Title: Behold the Man. Author: Michael Moorcock. Genre: Science Fiction. Publisher: Gollancz Publication Date: New Edition 11 Nov (First. can’t really call me a spoiler if the merchandise is already spoiled. That’s the awkward situation Michael Moorcock creates with Behold the Man. Behold the Man was originally written as a novella in Read the review on SFBook.

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Begold je balavi maloumnik a njegovo mesto zauzima covek iz buducnosti koji ne zeli da dozvoli da mit o Isusu propadne, odnosno da se cin raspeca nikada michel dogodi i to sve zbog nekih njegovih ubedjenja proisteklih iz citanja Junga i iz nerazumevanje i klinca sa jednom zenom koja veoma zdravorazumski razmislja.

If I had been in this situation, I would have steered clear of that fellow named Judas Iscariot. Do not read it.

Behold the Man, a book by Michael Moorcock | Book review

The results of which could cause a chain reaction that would unravel the very fabric of the space-time continuum and destroy the entire universe! The journey takes him to an ending he didn’t expect but that he accepts as necessary. This story begins with Karl’s arrival in the Holy Land of AD 28, where his time machine, a womb-like, fluid-filled sphere, cracks open and becomes useless. This is actually one of his better written books – no small thing given that Moorcock’s more serious moorccok are quite something.

Or maybe his wasn’t really amn or bitterness, but just the same immature sense of rebellion against authority that leads a 14 years old kid to write obscene graffiti on the school walls.

We learn that Karl has chronic problems with women, homosexual tendencies, an interest in the ideas of Jungand many neuroses micahel, including a messiah complex.

Moorcock guides us through the events in Glogauer’s life that lead to him traveling back in time. Were the great individualists the products of their friends who wanted a great individualist as a friend? Want to Read Currently Reading Read.


Upon arrival in the Galilean desert, Glogauer is injured and trapped in the past as his time machine is hopelessly damaged. Check out our sister sites: People psychologically grappling with their own sanity as they explore ideas about what it means to be human. Science-fiction writers are notorious for having great ideas and then blowing the execution the Trout Complex, a You know those science-fiction novels where they go back in time, and discover they’ve become some michaep historical character?

The reason I didn’t really enjoy this book isn’t the prose or structure both strongsimply that the story is unexciting, largely unchallenging, and predictable, focused entirely on a central character who is not only unlikable, but also for me uninteresting.

After the collapse of his latest affair and his introduction to a reclusive physics professor, Karl is given the beholdd to confront his obsession and begold a journey that no man has taken before, and from which he knows he cannot return. In the end, Behold the Man is a quality novella that looks at the Christ story and its universal relationship to the self and the psyche. The other thread shows Glogauer’s travels and raises questions about identity and destiny.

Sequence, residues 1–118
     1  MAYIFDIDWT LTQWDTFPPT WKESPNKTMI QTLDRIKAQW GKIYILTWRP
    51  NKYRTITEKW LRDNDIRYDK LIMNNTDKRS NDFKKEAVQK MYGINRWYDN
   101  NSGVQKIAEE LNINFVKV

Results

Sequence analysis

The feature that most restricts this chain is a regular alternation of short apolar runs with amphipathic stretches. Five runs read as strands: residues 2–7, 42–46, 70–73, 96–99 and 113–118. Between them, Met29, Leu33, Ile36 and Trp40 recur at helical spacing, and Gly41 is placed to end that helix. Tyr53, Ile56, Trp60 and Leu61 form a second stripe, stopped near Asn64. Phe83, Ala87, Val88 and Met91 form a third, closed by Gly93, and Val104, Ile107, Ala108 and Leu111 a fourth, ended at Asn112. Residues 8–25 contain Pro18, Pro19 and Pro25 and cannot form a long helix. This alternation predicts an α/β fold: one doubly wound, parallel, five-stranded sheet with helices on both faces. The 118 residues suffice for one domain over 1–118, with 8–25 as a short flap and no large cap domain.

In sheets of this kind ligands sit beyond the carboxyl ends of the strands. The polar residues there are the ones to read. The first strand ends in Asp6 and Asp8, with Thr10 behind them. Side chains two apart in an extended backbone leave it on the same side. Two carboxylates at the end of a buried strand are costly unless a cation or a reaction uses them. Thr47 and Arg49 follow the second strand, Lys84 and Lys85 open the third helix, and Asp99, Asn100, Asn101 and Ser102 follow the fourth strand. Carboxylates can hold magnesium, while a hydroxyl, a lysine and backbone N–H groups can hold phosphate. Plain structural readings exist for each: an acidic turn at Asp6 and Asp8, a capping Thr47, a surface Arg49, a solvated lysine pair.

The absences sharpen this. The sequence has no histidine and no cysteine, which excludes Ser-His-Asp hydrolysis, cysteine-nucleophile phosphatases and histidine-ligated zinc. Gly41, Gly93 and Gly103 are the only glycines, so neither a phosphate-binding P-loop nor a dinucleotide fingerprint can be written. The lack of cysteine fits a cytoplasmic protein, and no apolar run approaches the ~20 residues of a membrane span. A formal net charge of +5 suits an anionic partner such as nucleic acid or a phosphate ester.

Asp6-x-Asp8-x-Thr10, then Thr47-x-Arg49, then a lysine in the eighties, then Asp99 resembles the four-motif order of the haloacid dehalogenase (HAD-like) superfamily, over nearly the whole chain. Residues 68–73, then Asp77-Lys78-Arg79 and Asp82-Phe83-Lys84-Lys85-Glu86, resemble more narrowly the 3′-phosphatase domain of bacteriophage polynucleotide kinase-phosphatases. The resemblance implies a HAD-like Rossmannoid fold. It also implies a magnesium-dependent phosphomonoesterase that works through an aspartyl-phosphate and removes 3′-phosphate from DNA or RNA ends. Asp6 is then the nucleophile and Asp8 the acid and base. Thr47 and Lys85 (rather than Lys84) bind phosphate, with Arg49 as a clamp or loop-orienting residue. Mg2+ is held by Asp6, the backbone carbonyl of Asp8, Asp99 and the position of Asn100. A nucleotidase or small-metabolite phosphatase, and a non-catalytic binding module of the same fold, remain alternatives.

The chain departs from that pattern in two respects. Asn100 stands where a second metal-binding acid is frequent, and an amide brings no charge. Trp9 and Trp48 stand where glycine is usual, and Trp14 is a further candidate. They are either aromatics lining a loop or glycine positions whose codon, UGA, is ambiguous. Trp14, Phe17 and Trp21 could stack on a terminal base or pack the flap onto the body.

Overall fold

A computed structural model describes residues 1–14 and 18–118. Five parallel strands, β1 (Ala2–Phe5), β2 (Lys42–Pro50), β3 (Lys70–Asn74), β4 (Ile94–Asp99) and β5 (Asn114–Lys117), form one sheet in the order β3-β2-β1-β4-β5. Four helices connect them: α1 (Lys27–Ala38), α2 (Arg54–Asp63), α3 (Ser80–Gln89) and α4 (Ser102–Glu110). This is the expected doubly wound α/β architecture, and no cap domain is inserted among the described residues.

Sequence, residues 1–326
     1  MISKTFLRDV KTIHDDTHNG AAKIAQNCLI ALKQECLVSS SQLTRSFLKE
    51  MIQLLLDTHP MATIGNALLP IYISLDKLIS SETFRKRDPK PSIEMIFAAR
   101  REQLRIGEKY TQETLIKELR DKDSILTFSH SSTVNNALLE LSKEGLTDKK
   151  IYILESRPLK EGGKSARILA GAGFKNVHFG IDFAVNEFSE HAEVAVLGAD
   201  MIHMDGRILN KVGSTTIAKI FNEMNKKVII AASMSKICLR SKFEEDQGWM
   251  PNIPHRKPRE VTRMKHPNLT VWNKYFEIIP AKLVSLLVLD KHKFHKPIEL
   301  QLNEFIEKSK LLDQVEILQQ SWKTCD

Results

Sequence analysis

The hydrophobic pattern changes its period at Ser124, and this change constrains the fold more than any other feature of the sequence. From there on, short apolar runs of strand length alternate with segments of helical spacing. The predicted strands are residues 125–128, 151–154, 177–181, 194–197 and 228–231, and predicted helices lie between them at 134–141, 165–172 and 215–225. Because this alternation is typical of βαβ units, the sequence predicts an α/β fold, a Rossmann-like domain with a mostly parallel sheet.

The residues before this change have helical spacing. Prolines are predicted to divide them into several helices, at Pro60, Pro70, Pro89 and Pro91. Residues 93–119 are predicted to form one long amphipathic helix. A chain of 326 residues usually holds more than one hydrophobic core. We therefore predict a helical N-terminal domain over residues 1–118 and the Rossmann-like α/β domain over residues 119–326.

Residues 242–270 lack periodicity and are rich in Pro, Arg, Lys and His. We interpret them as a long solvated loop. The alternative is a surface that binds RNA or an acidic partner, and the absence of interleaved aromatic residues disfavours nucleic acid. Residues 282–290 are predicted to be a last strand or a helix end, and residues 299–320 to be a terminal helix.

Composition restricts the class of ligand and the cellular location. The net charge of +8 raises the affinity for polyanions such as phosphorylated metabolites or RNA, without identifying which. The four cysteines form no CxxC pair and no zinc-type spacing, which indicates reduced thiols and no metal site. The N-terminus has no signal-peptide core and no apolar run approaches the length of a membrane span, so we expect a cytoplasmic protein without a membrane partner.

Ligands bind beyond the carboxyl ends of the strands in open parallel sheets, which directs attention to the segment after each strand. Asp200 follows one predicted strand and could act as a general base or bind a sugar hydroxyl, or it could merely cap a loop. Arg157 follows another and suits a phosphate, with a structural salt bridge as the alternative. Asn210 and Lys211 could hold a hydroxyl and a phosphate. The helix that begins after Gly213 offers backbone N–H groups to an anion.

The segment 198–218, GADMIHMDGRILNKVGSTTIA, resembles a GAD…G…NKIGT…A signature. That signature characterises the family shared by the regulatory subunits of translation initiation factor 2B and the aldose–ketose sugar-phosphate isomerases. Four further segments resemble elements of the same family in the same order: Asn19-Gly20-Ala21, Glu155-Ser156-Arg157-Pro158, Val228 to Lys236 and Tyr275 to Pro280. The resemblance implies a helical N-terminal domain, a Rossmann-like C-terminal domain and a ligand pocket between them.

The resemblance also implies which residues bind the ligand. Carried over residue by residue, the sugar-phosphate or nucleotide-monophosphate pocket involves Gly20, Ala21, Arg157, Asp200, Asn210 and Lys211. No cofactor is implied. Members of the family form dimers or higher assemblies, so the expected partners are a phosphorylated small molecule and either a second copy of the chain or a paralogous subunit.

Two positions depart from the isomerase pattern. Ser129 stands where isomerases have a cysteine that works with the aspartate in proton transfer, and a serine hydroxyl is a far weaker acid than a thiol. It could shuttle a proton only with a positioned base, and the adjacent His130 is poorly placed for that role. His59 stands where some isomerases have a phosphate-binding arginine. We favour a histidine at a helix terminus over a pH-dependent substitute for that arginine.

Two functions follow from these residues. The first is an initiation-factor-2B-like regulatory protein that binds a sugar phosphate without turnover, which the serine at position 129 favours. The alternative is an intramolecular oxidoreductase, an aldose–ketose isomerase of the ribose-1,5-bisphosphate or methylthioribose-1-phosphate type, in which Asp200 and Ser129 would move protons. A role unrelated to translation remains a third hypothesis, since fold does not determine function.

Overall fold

Annie Bellet Author, Gamer, Nerd. The whole thing is very, very negative. Only, nothing is quite the way he remembers it from the Bible. In an obscure sci-fi mag in the mids, however, Moorcock was somewhat ensconced.

Speculiction Review of Behold the Man by Michael Moorcock

His last, agonised words, however, are not Eloi, eloi, lama sabachthanibut the phonetically similar English it’s a lie Again, my kind of sci-fi, big concepts both of darkness and of light, complex resonance that hangs around your mind long after you set it down and a yarn good enough for both chuckles, tears and striking the “Thinking Man” pose after reading.

This short novel is the best theological science fiction ever written. He mixes in choice quotes from secular gurus—Jung, Wordsworth, Blake—alongside extracts from the New Testament. Book Details Moorccock the Man Author: Before I read this I was told the actual plot line and concept of the book and it made me jump for a copy. If it is believed as the truth by molrcock throughout the ages, is it really a lie? But I never lost my joy at writing. After the collapse of his latest affair Karl Glogauer is a disaffected modern professional casting about for meaning in a series of half-hearted relationships, a dead-end job, and a personal struggle.


Behold the Man is hardly the only Moorcock book to set up this comparison.

Behold the Man

Let the reader do the work. Glogauer, who returns in another time-traveling novel Breakfast in the Ruins, is yet another incarnation of the fantastic hero as exemplified by Elric, Corum, Dorian Hawkmoon and Jerry Cornelius. The reason being to enable what I call the Holy Family to be portrayed as caricatures of themselves, Joseph bitter and miserable, Mary a woman with no amn, an awful women who hated her family particularly Jesus who is her dribbling imbecilic son!

Have you one called Jesus? You are commenting using your WordPress. I came in contact with it back when I’d been reading all Moorcock’s Eternal Champion books. Karl Glogauer is a disaffected modern professional casting about for meaning in a series of half-hearted relationships, a dead-end job, and a personal struggle. Karl, however, is so deeply committed to the idea of a real, historical Jesus that, at this point, he himself begins to step into the role, gathering followers, repeating what parables he can recall, and using psychological behodl to simulate miracles.